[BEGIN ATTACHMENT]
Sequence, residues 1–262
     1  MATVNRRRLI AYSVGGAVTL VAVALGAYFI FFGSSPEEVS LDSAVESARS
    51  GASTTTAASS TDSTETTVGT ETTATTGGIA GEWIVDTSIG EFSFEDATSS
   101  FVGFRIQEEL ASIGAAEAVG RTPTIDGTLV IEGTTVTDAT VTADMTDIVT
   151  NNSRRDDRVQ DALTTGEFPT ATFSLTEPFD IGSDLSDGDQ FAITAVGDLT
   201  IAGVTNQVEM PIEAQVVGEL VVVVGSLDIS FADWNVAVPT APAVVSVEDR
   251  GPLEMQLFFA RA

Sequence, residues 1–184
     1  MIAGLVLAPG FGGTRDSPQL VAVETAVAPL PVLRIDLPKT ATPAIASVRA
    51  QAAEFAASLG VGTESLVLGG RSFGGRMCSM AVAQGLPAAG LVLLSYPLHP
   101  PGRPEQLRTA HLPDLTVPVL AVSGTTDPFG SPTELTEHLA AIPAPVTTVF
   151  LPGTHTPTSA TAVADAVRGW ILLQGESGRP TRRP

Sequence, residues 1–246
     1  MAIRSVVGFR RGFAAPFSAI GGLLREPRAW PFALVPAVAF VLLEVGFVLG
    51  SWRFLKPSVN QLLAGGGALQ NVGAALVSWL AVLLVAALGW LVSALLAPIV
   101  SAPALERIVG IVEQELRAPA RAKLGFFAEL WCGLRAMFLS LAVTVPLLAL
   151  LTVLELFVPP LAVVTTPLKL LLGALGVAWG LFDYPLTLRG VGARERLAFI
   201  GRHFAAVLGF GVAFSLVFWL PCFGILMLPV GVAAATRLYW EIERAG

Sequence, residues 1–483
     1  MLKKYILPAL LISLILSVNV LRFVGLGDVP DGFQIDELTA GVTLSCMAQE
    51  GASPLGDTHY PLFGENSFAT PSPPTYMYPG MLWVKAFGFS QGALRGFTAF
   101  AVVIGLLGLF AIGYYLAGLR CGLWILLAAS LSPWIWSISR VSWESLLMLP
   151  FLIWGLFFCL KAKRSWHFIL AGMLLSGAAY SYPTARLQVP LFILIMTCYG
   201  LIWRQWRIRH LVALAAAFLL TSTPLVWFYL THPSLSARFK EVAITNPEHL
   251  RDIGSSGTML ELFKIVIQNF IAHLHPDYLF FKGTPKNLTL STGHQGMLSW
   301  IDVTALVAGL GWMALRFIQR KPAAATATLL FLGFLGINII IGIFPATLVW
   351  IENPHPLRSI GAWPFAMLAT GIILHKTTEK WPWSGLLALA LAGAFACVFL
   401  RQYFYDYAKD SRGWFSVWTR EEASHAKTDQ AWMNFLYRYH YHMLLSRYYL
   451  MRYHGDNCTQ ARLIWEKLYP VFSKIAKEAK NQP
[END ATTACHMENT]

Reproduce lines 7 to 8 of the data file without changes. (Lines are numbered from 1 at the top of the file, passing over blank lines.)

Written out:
   251  GPLEMQLFFA RA

Sequence, residues 1–184